Migration from one module to another should be simple. Once you have the mechanism for the first one, you can replicate it for the others; and every improvement made to one will benefit all. So using a new single repository for all our micro-frontends was our first choice. It helped to control the two pitfalls.

Secondly, the integration of a micro-frontend into the legacy shell container had to be as simple as possible. Our second key choice was to rely on Web Components. It allows you to create custom elements in the DOM, to isolate the CSS in the shadow DOM and, by development, load it lazily.

Here is an example of an Account micro-frontend exposed as Web Component:

class Account extends HTMLElement {
window.customElements.define('app-account', Account);
<!-- Then you can use it in HTML directly -->

Migrating a module to a micro-frontend

It is the most sensible part: finding the budget to migrate a module that will be the same, but different in a way, is not a piece of cake. We have successfully experimented two different strategies to ease the process:

  1. A micro-frontend can begin by exposing a few Web Components. If you need to add a new modal, panel, section to an existing module, consider developing it as a Web Component instead, this way you can migrate parts of your module in baby steps.
  2. If the product team already has some ideas of making global changes to a module, it could be a good opportunity to migrate the module to a micro-frontend, as making big changes generally requires an important refactoring anyway.
Web Components migration strategy
Migration relying on Web Components

Adding a new module as a micro-frontend

It should be much easier. It eventually allows you to clarify your internal framework strategy and you can take this opportunity to choose a more relevant framework as long as you are not creating a Frankenstein application which will soon load all frameworks on earth on each URL it links.

Web Components migration strategy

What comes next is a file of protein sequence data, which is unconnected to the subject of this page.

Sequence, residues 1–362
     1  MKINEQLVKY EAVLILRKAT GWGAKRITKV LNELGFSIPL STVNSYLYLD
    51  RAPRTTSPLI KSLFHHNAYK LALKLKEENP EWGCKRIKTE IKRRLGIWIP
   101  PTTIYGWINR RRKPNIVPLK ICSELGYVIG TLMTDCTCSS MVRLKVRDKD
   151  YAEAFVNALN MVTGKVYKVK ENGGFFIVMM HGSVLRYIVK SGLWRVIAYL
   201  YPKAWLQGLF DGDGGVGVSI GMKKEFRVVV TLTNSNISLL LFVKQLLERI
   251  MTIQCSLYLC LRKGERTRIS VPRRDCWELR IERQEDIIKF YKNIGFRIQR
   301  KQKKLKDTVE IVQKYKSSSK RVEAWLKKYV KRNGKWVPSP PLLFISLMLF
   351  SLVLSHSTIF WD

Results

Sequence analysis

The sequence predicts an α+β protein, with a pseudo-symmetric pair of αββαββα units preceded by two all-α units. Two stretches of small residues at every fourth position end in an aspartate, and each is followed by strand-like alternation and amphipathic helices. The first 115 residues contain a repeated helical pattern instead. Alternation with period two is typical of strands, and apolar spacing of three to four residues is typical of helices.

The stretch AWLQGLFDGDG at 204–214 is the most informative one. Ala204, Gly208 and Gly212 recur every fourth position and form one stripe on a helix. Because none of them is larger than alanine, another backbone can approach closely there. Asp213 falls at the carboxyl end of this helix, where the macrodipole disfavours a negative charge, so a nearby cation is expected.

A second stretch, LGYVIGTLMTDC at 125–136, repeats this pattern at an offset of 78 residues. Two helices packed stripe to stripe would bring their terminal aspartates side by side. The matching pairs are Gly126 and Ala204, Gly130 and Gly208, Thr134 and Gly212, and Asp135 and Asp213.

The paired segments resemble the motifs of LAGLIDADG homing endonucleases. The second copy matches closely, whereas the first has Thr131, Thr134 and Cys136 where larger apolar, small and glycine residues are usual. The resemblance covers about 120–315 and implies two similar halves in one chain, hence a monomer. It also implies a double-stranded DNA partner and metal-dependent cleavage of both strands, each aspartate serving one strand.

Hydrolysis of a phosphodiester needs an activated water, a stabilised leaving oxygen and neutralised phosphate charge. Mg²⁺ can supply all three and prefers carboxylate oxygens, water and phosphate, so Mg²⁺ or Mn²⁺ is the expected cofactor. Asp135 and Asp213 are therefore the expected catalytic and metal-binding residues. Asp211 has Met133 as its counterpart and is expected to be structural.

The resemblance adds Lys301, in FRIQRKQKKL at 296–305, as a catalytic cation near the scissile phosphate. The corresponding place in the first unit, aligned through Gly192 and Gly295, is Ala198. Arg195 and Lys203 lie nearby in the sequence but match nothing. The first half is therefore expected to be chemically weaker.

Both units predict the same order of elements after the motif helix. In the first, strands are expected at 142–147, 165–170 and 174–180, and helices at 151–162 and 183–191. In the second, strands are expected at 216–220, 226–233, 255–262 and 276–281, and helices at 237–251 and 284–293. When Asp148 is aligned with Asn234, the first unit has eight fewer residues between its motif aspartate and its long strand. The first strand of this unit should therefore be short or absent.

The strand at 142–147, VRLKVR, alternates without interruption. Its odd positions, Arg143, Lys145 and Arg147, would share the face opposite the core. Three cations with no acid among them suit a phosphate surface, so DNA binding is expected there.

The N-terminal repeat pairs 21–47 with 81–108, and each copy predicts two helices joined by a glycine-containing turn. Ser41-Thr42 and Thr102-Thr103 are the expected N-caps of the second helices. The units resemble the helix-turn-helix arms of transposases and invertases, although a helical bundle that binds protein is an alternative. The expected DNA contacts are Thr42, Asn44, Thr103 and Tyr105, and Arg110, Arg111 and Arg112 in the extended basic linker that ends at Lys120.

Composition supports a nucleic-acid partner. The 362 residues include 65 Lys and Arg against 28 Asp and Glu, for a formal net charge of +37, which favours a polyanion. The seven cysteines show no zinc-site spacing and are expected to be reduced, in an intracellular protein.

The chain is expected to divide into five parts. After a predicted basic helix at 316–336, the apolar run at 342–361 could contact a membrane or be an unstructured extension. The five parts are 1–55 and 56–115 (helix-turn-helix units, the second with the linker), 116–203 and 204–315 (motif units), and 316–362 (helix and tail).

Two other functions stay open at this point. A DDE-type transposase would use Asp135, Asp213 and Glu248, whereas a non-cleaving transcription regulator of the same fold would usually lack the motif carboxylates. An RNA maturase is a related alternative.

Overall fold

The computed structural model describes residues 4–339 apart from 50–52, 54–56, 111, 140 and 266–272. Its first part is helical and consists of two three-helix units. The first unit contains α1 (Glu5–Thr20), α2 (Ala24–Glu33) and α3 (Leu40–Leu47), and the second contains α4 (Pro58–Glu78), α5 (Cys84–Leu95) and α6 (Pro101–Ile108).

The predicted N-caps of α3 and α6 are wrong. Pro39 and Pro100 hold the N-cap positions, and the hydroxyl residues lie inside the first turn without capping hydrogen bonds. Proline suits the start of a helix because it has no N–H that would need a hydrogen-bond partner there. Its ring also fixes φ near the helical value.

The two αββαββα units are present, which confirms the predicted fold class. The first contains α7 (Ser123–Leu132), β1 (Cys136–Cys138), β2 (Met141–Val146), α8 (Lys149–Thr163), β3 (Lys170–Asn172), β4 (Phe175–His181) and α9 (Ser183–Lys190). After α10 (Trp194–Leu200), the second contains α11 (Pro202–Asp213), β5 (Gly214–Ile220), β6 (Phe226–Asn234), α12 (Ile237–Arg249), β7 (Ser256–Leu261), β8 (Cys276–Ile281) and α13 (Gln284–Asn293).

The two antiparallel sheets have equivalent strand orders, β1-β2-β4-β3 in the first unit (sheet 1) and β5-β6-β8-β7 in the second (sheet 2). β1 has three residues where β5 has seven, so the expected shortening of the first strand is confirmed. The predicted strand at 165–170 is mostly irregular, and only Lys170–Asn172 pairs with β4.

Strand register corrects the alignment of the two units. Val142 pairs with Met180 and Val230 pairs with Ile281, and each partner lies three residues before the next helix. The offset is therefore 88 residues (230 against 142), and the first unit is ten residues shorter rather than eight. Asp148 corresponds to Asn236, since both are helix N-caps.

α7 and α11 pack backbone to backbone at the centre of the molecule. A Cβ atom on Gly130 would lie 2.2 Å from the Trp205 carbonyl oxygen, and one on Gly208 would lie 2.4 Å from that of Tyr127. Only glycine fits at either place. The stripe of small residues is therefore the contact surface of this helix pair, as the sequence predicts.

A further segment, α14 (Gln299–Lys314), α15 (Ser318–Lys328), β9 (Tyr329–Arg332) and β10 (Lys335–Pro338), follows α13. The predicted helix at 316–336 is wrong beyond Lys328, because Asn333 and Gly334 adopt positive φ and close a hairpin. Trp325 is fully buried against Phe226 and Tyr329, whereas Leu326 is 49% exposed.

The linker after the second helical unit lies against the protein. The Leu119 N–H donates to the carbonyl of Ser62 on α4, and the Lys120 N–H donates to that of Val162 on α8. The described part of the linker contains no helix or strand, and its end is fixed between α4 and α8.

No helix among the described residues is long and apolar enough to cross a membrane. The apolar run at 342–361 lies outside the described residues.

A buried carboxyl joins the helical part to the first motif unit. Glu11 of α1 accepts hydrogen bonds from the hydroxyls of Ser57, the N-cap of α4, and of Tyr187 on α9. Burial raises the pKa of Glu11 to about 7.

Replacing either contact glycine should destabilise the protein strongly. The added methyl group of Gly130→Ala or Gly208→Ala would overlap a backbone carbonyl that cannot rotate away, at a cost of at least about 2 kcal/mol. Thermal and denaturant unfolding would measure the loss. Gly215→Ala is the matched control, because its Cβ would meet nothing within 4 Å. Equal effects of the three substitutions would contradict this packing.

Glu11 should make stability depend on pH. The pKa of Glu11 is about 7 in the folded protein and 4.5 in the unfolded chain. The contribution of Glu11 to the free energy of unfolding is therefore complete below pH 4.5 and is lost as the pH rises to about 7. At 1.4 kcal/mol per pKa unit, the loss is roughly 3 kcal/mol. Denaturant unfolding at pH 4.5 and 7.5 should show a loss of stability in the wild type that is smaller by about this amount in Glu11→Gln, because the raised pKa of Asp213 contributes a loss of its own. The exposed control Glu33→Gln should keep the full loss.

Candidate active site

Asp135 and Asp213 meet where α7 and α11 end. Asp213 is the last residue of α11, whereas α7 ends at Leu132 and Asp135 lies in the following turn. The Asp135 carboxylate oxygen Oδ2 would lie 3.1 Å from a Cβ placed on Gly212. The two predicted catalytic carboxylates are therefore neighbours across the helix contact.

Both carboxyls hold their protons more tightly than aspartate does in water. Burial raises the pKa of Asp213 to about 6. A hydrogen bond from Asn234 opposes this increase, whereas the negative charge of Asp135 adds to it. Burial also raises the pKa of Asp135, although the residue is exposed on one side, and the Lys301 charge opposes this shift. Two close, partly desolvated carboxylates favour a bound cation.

Adding a new module

Migrating the shell container

Finally, once everything is a micro-frontend, the shell container should be migrated to the mono-repository. It is where the bootstrap happens, probably very coupled with the base framework doing the routing. The same strategy of migrating as much as possible should also be applied.

The idea is to identify the main services from the container and extract them to framework agnostic libraries. What remains in the shell should only be the part about wiring with the framework without business logic.

Shell migration
Shell migration

What’s next?

Contentsquare is not the first company to rely on the Web Components strategy to implement micro-frontends. While the migration plan seems simple, implementing it is a long race, a bit like a marathon, because you want to keep releasing features while migrating. So perfect alignment between the product team and our R&D is an ongoing effort.

Alongside this plan, the Web Components strategy enhances our capacity to easily add cross-module features by plugging in business logic developed from one of our micro-frontends to play in any other micro-frontend. It consequently facilitates the interaction between modules without logic leakage. Each micro-frontend can expose its Web Components, ready to be used anywhere.

Consider the following: the CART micro-frontend may expose a Web Component AddToCart with business logic inside to check the balance of the user or to indicate on the fly the amount of the cart. This Web Component could be used in all product pages which will never have to fetch any data to provide a balance or total amount or how to display it, because it is and will always be the only responsibility of the AddToCart Web Component. This is a new powerful tool for the marketing team.

In our next article, we will look at the technical side of this pattern to see how it can be achieved in an elegant way while keeping sight of the performance of the application.